Denver, Colorado, is rolling out a new cannabis educational initiative aimed at teens. The program is part of the city’s marijuana policy department. Packaged in an upbeat gameshow format, the program claims to give young people information on a range of different issues related to cannabis.
The new gameshow-style program is called “Weeded Out.” And the premise is simple.
The host asks a bunch of questions about marijuana. And teens try to answer them. If you get the question wrong, you’re “weeded out.”
And if you get it right you get to advance to the next round. Eventually, the show weeds out enough contestants to arrive at nine or so final contestants.
From there, the show moves into a Jeopardy-style quiz show. Kids stand behind podiums and answer questions about marijuana.
By the end of the game, the program has covered a wide range of information. In particular, the show focuses on potential health implications of cannabis consumption, marijuana policy, and a few other related topics.
According to CBS This Morning, the show is being played out for teens throughout the city of Denver. The program is reportedly being funded by marijuana sales taxes.
Last year, Denver alone raked in almost $45 million in cannabis taxes. So far, the city has reportedly spent a little more than $3.5 million to launch and operate the new teen educational program.
On its surface, the new program is about giving young people the information they need to help guide their decisions about consuming cannabis. In fact, Colorado’s legal cannabis framework has always allocated a portion of tax revenues to fund these types of educational programs.
Interestingly, teen consumption of cannabis has dropped in recent years following legalization. According to the city of Denver, the number of kids who say they’ve consumed weed in the last 30-days dropped from 26 percent to 21 percent over the last couple of years. Similar trends have been found in other weed-legal states.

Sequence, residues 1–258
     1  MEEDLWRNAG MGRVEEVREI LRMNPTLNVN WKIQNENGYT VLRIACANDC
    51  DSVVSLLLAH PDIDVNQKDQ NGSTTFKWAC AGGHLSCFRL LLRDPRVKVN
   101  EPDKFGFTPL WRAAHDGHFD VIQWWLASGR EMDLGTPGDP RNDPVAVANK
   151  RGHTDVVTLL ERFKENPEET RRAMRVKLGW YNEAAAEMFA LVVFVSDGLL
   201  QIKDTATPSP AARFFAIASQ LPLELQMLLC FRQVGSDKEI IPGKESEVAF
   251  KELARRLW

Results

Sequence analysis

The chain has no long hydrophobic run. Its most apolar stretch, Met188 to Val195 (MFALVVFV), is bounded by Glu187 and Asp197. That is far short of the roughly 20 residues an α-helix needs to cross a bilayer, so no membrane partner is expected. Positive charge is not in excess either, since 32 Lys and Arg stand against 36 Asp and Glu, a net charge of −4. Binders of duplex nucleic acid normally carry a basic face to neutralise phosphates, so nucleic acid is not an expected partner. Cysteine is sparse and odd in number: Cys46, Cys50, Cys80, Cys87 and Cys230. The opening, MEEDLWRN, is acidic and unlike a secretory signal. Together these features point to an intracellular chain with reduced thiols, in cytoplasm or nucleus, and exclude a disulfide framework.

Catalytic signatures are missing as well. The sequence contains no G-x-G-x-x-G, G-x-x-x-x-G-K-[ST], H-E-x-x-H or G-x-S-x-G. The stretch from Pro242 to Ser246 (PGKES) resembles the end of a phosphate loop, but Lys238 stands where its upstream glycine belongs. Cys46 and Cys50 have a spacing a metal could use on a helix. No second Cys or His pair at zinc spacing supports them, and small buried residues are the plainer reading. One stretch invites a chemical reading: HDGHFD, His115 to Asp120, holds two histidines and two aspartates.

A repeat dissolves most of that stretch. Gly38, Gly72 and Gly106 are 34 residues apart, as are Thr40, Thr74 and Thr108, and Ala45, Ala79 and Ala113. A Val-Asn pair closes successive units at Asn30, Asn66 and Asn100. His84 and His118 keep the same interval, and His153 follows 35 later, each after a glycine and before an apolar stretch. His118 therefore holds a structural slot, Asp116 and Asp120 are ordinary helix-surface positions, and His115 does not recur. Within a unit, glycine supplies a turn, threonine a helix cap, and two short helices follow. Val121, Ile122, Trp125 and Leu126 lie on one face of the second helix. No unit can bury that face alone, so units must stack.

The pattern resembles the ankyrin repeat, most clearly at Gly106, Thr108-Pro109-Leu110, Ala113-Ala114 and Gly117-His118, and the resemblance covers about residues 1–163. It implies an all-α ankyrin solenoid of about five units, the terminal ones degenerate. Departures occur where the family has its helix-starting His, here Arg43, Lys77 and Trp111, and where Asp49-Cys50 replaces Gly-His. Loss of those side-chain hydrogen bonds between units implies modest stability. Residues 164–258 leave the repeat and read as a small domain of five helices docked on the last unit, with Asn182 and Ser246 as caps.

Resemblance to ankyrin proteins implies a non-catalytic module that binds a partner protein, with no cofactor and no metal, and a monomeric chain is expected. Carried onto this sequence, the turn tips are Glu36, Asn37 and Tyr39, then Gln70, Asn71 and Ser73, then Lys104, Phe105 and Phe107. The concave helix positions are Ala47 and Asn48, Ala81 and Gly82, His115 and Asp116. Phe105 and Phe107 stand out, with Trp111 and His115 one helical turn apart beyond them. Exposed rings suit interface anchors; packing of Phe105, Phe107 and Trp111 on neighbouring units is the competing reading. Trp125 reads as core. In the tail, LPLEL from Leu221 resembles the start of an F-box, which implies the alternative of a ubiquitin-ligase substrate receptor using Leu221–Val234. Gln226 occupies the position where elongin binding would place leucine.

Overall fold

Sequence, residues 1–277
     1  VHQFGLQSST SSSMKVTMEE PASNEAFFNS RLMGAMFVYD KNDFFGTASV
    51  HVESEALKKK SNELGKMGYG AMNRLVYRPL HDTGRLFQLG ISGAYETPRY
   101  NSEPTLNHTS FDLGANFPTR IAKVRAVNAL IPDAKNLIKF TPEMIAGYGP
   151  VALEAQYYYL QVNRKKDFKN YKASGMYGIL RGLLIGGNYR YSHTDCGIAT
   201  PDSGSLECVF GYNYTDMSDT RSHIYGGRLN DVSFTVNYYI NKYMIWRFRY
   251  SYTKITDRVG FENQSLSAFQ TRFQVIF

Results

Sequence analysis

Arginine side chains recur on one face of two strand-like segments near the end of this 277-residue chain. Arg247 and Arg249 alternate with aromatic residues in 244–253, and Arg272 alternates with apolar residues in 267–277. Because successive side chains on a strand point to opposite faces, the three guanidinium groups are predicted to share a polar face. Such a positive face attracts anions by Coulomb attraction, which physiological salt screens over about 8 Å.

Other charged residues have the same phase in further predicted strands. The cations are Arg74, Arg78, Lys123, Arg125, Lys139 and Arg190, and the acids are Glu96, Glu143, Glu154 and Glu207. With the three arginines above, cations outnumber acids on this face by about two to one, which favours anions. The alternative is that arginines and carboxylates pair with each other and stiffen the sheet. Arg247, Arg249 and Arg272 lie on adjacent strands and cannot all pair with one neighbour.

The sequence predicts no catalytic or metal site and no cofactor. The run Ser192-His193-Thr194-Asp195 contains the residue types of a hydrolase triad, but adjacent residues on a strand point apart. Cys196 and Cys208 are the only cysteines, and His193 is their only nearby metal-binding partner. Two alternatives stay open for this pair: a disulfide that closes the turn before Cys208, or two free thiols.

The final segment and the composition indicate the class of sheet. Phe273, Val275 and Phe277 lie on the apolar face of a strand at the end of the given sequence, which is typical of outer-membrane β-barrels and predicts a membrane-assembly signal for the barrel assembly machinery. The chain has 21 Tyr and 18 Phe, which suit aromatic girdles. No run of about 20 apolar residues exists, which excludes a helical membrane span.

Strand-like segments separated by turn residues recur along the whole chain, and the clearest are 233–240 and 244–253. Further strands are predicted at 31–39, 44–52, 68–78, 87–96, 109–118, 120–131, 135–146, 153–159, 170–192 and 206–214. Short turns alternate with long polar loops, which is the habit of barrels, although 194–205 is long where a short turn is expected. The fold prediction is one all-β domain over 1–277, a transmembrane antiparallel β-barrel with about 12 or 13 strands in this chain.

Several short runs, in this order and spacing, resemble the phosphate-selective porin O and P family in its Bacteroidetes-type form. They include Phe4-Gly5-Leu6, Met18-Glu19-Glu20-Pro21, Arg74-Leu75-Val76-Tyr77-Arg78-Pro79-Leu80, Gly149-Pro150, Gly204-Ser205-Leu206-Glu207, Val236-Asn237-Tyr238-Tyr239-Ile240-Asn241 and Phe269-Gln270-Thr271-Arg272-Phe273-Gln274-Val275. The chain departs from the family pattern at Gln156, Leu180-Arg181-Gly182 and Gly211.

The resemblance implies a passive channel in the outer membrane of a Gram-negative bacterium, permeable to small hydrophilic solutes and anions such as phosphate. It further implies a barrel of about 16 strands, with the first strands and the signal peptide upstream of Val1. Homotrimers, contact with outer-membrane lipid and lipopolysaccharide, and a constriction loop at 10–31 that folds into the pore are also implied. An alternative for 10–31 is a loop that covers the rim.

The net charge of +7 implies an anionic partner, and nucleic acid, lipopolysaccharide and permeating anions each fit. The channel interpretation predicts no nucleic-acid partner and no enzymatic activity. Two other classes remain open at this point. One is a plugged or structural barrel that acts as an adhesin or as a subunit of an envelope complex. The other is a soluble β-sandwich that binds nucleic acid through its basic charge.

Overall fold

These trends seem to dispute the common fear of weed opponents that legalization will catalyze more use among young people.
And while programs like Denver’s “Weeded Out” game seem to be contributing to these drops in teen consumption, some are also raising questions. In particular, some are concerned that this and other similar programs are give young people a skewed view of cannabis.
For example, many of these programs tend to focus heavily on the potential risks of cannabis. At the same time, they often provide very little on the potential health benefits of cannabis.
According to CBS This Morning, some teens in Denver are already beginning to question the type of information they’re getting from the city’s new program.
For example, one teen told the media outlet: “There’s obviously medical benefits to [cannabis], otherwise it wouldn’t be legal.” After hearing the information provided by the program, the student called the game show “not properly balanced.”
On the whole, many see these programs as helping young people make smart decisions about weed. At the same time, many are concerned. In particular, some wonder if these programs inadvertently cross the line between educating young people and spreading exaggerated fears.
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